Protest Looms Over Bus Garage Sale
Friday, September 28, 2007
The Metro board voted yesterday to sell a parcel of land near the Washington Nationals baseball stadium to the Akridge Co., setting up a confrontation with a competing firm that could create transportation challenges for the opening of the ballpark in the spring.
The board unanimously agreed to sell its 2.2-acre bus garage site at Half and M streets SE for $69 million to Akridge, which beat out two other development companies that also bid on the property.
But Monument Realty, which owns several acres nearby, filed a formal protest late Wednesday. Company officials have said that Monument was promised first dibs on the site by the D.C. government and Metro several years ago when the company was named "master developer" of the area and given the task of building an integrated "ballpark district."
Monument principal partner Jeffrey T. Neal has threatened to file a lawsuit to stop the sale. In a letter to Metro last month, Neal also said Monument might slow its renovation of the Navy Yard Metro station, the closest stop to the ballpark, if the company does not win Metro's bus garage property. District and Nationals officials have said they hope that half the people who go to games at the 41,000-seat stadium will take Metro.
The District is paying $611 million to build the stadium complex with the expectation that the ballpark will stimulate development and tax revenue. Those plans could be in jeopardy if Monument and Akridge do not work well together.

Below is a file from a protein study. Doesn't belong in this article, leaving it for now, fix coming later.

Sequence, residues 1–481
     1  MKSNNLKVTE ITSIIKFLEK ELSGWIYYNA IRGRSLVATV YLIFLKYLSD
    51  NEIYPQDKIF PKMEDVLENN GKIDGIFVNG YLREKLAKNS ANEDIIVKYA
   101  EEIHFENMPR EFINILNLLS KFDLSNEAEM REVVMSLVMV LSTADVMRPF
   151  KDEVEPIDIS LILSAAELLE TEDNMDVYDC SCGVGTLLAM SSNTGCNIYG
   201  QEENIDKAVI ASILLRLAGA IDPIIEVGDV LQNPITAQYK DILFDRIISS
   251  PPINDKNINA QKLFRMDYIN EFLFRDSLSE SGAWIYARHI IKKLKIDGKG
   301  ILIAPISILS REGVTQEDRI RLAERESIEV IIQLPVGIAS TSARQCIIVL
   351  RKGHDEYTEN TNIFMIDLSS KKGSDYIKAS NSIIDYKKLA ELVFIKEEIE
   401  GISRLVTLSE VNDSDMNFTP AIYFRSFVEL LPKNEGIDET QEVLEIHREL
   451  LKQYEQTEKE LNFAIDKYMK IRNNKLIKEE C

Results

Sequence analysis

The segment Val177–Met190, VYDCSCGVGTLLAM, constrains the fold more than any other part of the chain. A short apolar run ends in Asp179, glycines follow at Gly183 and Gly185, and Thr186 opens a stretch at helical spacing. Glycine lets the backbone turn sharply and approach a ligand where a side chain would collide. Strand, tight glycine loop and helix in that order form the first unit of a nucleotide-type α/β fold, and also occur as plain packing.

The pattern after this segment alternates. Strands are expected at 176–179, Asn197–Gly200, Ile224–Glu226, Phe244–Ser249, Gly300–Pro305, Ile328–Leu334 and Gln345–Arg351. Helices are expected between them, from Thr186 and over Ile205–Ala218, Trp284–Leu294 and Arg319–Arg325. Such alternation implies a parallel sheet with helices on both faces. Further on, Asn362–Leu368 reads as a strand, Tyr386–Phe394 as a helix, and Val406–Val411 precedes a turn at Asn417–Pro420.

"It's a shame that [Metro] ended what had been a good three-year relationship by letting another developer with no stake in the Half Street development derail what should be one of the city's most exciting neighborhoods," Neal said yesterday.
Despite the board's action, Metro General Manager John B. Catoe Jr. said yesterday that Monument's protest would be reviewed before a sale to Akridge was completed. Metro also has to finalize plans to move its bus garage to the site of the old D.C. Village campus in Southwest.
Although Monument's $60 million bid was lower than Akridge's bid, Monument included an escalator clause that stated the company would pay $250,000 more than a higher bid. Metro General Counsel Carol O'Keeffe said the sealed-bid process did not allow for such a provision, and Akridge was ruled the winner.
In an interview before the vote, Akridge President Matthew J. Klein said his company "followed the rules . . . and the process came out as it did."
Klein said Akridge plans to work with city officials and other developers to create "a vital, urban, mixed-use project. . . . We've done successful urban projects in the past, like Gallery Place with Herb Miller. We've got a pretty credible track record."
Catoe said Monument is already seven weeks behind on its portion of the Navy Yard Station renovation. Metro's portion, which includes expanding the mezzanine to handle 15,000 people an hour, up from 5,000, is on schedule, Catoe said. Neal has acknowledged some delays but said his firm has been spending extra money to make up the lost time.